Of all the new endeavors and distractions my family has taken up during the pandemic, maybe the most rewarding has been skateboarding. Not the whole family, mind you—my wife and I know better—but for our kids, both now teenagers, the sport has already given back more than we could’ve guessed. The benefits are many: a demanding physical activity that lends itself equally to group interaction or solitary focus, that rewards persistence (tricks like a frontside ollie and 360 shove-it do not master themselves), and that encourages self-sufficiency, creativity, and resilience. It’s also just a great reason to put down the phone and go outside.
Maybe most valuably, I’ve seen how skating helps kids manage and channel the anxiety, uncertainty, and stress that so many are dealing with these days. All of that is why I’ve been so excited about the emergence of a thriving local skate scene in State College, driven in no small part by the pandemic and buoyed by the presence of IQ Skateshop, which opened downtown last summer. Jake Johnson, one of the shop’s co-owners, is a local product and a living legend in the skateboarding world: He’s a longtime pro with national sponsorship deals who opened IQ in part to provide the sort of nurturing skate community that didn’t exist when he was growing up in town.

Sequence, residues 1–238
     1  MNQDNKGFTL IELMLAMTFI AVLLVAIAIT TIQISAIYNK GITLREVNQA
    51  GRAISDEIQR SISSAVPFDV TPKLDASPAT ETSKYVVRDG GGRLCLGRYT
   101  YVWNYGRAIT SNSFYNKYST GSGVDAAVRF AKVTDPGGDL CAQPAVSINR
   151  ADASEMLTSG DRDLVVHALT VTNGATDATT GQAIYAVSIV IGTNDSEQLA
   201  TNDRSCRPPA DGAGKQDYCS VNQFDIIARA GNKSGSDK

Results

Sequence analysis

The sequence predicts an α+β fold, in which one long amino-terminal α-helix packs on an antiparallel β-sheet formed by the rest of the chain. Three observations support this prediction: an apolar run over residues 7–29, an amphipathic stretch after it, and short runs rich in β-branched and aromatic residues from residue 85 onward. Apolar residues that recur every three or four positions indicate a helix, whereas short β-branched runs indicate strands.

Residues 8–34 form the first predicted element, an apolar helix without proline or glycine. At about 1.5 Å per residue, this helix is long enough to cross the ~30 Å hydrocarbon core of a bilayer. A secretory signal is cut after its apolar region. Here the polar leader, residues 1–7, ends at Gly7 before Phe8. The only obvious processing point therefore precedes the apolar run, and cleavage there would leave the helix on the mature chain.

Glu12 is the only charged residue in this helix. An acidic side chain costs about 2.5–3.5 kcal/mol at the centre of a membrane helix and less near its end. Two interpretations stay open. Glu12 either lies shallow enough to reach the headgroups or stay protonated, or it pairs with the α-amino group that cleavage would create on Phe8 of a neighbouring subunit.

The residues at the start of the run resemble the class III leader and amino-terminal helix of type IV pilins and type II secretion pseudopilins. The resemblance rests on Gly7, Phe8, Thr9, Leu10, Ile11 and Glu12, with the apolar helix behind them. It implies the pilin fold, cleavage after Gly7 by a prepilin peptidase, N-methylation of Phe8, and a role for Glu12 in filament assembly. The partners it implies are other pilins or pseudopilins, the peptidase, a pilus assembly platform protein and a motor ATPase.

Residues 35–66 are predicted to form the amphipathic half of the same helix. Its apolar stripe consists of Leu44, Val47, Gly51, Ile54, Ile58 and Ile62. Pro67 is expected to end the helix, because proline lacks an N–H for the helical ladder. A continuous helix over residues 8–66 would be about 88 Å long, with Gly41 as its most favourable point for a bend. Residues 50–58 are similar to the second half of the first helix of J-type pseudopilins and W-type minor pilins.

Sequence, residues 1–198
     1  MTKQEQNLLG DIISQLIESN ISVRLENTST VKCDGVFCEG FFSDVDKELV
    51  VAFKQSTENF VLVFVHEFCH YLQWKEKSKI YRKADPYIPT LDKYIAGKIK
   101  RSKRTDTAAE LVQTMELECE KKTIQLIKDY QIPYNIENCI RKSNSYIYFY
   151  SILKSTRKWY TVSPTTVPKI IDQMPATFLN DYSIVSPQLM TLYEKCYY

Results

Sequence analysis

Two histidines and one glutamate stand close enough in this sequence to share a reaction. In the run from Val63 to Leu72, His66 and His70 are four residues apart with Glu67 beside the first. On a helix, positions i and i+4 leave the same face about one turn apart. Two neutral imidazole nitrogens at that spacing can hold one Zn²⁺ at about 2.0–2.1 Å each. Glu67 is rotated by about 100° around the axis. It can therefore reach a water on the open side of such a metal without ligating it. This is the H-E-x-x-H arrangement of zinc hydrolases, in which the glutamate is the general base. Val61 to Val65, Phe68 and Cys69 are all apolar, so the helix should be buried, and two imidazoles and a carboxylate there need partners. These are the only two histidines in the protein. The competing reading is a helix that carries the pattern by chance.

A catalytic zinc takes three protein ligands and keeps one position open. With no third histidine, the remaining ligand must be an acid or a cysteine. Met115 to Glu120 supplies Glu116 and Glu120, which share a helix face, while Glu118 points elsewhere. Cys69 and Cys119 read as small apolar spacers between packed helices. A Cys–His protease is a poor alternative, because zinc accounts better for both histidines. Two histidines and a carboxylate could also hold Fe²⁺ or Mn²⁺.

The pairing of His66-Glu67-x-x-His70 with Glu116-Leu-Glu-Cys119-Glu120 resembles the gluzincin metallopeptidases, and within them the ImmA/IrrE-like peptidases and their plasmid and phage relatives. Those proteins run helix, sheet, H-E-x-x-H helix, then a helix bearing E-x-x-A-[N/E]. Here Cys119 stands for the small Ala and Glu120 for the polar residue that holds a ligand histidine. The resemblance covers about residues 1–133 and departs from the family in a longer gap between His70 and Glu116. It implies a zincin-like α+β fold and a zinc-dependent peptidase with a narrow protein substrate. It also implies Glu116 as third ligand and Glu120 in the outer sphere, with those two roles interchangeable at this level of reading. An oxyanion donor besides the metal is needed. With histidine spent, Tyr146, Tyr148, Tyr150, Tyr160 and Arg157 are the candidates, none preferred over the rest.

Jake’s dad is longtime Penn State landscape architecture professor Tim Johnson, who retired in 2019; they’re among the locals with Penn State connections working to bring a skate park to Happy Valley. State College has acres of green space and dozens of playgrounds and basketball and tennis courts, but no dedicated public space for skateboarding. As conceived by Jake and Tim, the new park—to be located on underutilized State College Borough parkland about 2 miles from campus—will incorporate design features that skaters, scooter riders, and BMX bikers of all skill levels will find challenging, and that reference the architecture of town and campus. Jake, who has tested himself at many of the world’s best skate spots, says the completed park will be the envy of skaters around the state.
With borough council approval in hand and substantial state and local government funding already secured, organizers are looking to private funding to make up the rest of the cost. By a lot of measures—check out their high-profile inclusion in the Summer Olympics—skateboarding and other “action sports” have gone fully mainstream, but too often, they still lack meaningful community support. A world-class skate park nearly within the shadow of Old Main would be a great way to change that. My kids, and lots of others, can’t wait.